We Love the City

The monologue is my preferred method of discourse.

Brian Wood Doublebill: DMZ and Local


I will freely admit to my ignorance of Brian Wood‘s work. I realize he’s a sort of indie icon, and I’m the sort of guy who tries to keep up with indie icons. I may have missed the boat with Demo, but I’m at least getting on at the ground floor with the two series he launched recently: The story of a New York engulfed in war and violence in DMZ, and the much simpler story of a girl, a boy, and a prescription in Local

DMZ is by far the bigger of the two, and that’s not even considering the DC/Vertigo backing. In the not-too-distant future, the United States has undergone a painful separation, with the Free States breaking off. New Jersey sides with the separatists, Brooklyn and Queens remain part of the United States, and Manhattan is stuck in the middle, a devastated no-man’s land – or, to be precise, the titular Demilitarized Zone.

After years of war, a temporary ceasefire allows an award-winning journalist the opportunity to report on the situation in Manhattan. His crew includes photo intern Matthew Roth, whose father got him the prestigious gig without, it seems, actually explaining what it was. Matthew is swept up in the bustle of the assignment, and is quickly packed into a helicopter flying into the bombed-out, sniper-filled island of Manhattan.

None of this really matters. The politics aren’t given much time beyond explaining the basic premise, and the journalistic mission quickly falls by the wayside as Matthew finds himself stranded in Manhattan. As luck, or plot, may have it, he finds himself taking shelter with one of the few helpful people on the island – a former med student who’s only interested in Matthew’s first aid supplies in return for helping him out.

If it’s all a bit convenient and expository, it’s because one suspects little of this will actually matter over the course of the series. Wood explains that it’s the people, not the war, that he’s really interested in, and we see very little of the people beyond Matthew and his rescuer. Matthew gets a brief scolding about his perceptions of Manhattan – “We’re not your enemy, we just live here” – but any actual character development or exploration is left for future issues.

All this makes the first issue almost entirely setup, though it contains far more bombings, gunfire, and helicopter crashes than one generally expects of setup. There’s unquestionably some great storytelling potential in the scenario, but very little of it is on display here.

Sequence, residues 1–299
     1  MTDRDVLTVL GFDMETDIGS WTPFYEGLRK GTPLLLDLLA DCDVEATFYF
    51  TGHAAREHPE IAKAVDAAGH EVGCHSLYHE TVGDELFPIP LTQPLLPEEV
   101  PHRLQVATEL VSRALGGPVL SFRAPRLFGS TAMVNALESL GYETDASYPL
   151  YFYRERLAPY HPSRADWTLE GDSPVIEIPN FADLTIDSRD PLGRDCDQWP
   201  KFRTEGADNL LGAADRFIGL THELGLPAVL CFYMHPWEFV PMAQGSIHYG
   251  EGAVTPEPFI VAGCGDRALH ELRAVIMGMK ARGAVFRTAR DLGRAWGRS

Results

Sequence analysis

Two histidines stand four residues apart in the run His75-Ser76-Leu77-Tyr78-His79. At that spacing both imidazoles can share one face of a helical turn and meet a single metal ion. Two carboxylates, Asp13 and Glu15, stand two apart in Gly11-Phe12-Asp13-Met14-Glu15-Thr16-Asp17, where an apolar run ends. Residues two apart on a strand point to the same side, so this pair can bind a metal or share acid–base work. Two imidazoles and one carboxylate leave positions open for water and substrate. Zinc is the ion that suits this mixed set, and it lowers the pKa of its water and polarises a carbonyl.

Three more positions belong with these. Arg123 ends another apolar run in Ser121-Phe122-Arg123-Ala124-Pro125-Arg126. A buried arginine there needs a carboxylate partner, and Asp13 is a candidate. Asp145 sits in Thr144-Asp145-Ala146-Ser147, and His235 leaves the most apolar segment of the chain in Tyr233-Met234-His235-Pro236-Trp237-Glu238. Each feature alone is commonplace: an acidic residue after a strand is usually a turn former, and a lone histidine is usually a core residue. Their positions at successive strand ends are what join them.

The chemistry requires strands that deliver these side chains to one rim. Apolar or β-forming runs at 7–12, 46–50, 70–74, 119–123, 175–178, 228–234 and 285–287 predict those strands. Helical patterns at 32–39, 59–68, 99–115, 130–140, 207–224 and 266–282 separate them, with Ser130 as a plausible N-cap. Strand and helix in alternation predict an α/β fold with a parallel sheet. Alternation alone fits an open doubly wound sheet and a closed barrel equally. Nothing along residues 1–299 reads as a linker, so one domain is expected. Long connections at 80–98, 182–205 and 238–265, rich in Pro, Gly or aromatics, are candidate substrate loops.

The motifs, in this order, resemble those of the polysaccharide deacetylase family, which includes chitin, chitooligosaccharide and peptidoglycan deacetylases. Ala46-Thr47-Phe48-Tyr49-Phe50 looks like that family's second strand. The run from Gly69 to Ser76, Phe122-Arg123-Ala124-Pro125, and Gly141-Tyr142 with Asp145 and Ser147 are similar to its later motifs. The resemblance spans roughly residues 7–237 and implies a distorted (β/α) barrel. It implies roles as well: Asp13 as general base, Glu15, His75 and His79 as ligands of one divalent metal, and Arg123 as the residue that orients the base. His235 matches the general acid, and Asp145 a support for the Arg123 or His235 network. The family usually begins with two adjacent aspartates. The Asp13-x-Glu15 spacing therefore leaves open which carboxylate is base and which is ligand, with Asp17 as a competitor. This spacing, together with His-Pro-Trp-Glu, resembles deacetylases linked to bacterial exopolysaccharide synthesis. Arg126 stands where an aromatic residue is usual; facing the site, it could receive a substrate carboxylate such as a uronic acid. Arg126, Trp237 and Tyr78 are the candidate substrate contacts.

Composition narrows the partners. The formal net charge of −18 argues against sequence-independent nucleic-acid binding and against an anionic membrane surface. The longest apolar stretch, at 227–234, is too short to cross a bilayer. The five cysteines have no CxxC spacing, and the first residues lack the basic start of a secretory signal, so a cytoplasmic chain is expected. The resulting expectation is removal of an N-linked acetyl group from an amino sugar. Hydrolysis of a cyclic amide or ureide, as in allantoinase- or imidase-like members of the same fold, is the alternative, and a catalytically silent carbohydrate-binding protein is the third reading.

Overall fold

By contrast, almost nothing at all happens in Local, Wood’s simultaneous effort published by Oni Press. In Portland, Oregon, Megan McKeenan and her boyfriend argue in a parked car outside a pharmacy. The boyfriend, jittery, irritable, and going through withdrawal, sends Megan into the pharmacy with a fake prescription. It’s probably not giving away much of the plot to suggest that a pharmacist is not at all likely to fall for a prescription forged by a freaked-out drug addict.

And, of course, Megan is busted. But that’s not entirely the point, as the story quickly starts over again, and once more Megan is sent into the pharmacy with the forged prescription. And again, and again. Each time the result is different, but it’s seldom satisfactory. There are two possibilities at work here: The first is the Megan is some sort of super-being, re-shuffling time to ensure a positive outcome. The second, far more plausible given the story title (“Ten Thousand Thoughts per second”), is that she’s simply considering each option, playing it out in her head – sometimes to overly melodramatic effect.

The overall effect is something like Run Lola Run with less action and more emphasis on character. For such a simple story, it’s incredibly compelling: Through one simple task, with several variations, Wood establishes Megan’s character perfectly. She obviously doesn’t want to get busted for fraud and narcotics trafficking, but what does she want?

I’m only familiar with Ryan Kelly’s name as Peter Gross’ collaborator on Lucifer, where I couldn’t tell who did what, but he makes a name for himself with some stellar work. There’s a definite Paul Pope influence, but it’s smoothed out at several points. It’s a true collaborative effort between Kelly & Wood – you’ve got to be good to tell the same basic story four times in one issue and keep the reader interested. How good is Local? I read it on my way home on the streetcar. I read it once, and wasn’t quite sure what I’d read, so I read it again. It was on my third time through that I realized I’d missed my stop by about ten blocks.

Brian Wood’s strength lies in his character work, and Local shines a spotlight on a compelling character you’ll want to follow across 12 issues and most of the continent. DMZ is almost the opposite – all plot and little character – and suffers, though it’s not without potential. Wood’s on a hot streak, at any rate, with one sure thing and another series that bears watching.